Households harboring pets or domestic rodents and the members of nearby premises are susceptible to flea bites. Cat fleas and dog fleas will readily bite humans, particularly when flea populations are large or when pets are temporarily removed. Rodents in households can also carry fleas that will bite humans.
Fleas typically abandon dead hosts. If domestic rats die in wall voids or basements, the fleas will seek out a human host instead. Flea bites represent occupational hazards in many farms, barns, rabbit hatches, and poultry operations. The fleas in such cases may come directly from livestock or other animals attracted to food supplies.
Flea bites in humans
Flea bite dermatitis occurs in humans who have become hypersensitive to flea saliva. In sensitive individuals, flea bite sites typically develop into papules, causing a form of widespread urticaria, often with associated wheals, especially in children.
Skin scaling, hardening, and discoloration may occur in humans in severe cases. In adults, the extremities (hands and legs) are more susceptible to flea bites. In children, the entire body may become affected. Other symptoms of a flea bite in humans include rash, breaking out in hives, or swelling around the bite.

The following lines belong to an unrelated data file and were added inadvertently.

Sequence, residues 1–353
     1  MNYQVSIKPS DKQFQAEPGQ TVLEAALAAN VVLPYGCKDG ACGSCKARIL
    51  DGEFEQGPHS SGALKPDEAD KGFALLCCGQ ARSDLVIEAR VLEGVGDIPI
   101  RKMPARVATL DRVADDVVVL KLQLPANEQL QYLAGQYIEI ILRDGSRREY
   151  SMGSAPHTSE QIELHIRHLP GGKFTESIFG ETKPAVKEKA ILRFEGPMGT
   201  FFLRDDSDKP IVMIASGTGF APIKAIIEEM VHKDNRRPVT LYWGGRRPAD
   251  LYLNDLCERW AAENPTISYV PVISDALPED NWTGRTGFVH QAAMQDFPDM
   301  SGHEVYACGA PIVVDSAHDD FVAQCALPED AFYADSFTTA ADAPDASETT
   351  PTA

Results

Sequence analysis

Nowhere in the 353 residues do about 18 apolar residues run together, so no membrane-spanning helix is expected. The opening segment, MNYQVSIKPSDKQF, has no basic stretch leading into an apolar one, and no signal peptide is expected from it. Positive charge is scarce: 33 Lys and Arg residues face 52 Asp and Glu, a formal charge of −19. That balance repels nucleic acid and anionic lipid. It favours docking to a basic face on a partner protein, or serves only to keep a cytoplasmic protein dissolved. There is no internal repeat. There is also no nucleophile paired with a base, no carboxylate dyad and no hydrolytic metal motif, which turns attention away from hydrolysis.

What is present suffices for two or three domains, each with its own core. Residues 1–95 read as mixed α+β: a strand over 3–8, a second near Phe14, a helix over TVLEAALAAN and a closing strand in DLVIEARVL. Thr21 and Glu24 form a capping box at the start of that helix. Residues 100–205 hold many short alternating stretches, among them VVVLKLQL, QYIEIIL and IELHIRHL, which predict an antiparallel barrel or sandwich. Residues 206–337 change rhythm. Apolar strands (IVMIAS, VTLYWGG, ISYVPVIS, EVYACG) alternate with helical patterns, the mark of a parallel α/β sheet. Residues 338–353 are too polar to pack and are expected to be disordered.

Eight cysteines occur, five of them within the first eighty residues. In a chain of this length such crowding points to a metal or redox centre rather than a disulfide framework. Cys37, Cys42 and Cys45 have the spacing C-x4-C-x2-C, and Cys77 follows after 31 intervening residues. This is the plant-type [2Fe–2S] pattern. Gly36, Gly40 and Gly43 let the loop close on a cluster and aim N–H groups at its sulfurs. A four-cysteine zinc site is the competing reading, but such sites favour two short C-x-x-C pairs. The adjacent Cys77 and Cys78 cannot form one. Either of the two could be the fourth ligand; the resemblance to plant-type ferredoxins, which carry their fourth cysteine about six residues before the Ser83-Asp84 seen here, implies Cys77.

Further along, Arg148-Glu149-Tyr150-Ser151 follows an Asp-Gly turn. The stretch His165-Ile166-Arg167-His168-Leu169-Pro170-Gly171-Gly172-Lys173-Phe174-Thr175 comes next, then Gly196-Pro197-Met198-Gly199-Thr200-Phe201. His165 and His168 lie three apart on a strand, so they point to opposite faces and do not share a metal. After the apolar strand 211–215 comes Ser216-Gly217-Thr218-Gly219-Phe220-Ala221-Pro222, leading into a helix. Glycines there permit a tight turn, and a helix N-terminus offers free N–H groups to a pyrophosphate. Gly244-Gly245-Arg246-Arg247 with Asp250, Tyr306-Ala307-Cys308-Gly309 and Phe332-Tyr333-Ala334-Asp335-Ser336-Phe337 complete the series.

If you are allergic to fleas, your immune system may overreact to a flea bite and release an increased histamine amount. This can cause a severe allergic reaction called anaphylaxis. Anaphylaxis symptoms include intense itching, a rash or hives in various parts of the body, shortness of breath or wheezing, or swelling of the face, hands, mouth, or lips.
You must treat anaphylaxis immediately, or it can be life-threatening. Take Diphenhydramine (Benadryl) or an epinephrine injection (EpiPen) if you are having difficulty breathing.
With repeated exposure to flea bites, the hyposensitization may reduce the severity of dermatitis without any medical intervention. Corticosteroids and or desensitizing antigens can be administered to hypersensitive individuals to relieve their symptoms.
People may also become sensitized to flea feces and exoskeleton particles upon inhaling them through house dust or direct contact. Experts recognize adult fleas as the prime source of these allergens, but airborne larval exuviae are also associated with causing asthmatic symptoms in humans. Relief from these allergies may be achieved by administering a course of desensitizing antigens to the patient.
Through preventative measures, you can control fleas. You must consider several factors in eliminating fleas: elimination of adult fleas from pets, eliminating adult fleas from the environment, and preventative measures that will thwart re-infestation. The latter can reduce re-exposure or routine prophylactic treatment to kill adult fleas in the environment.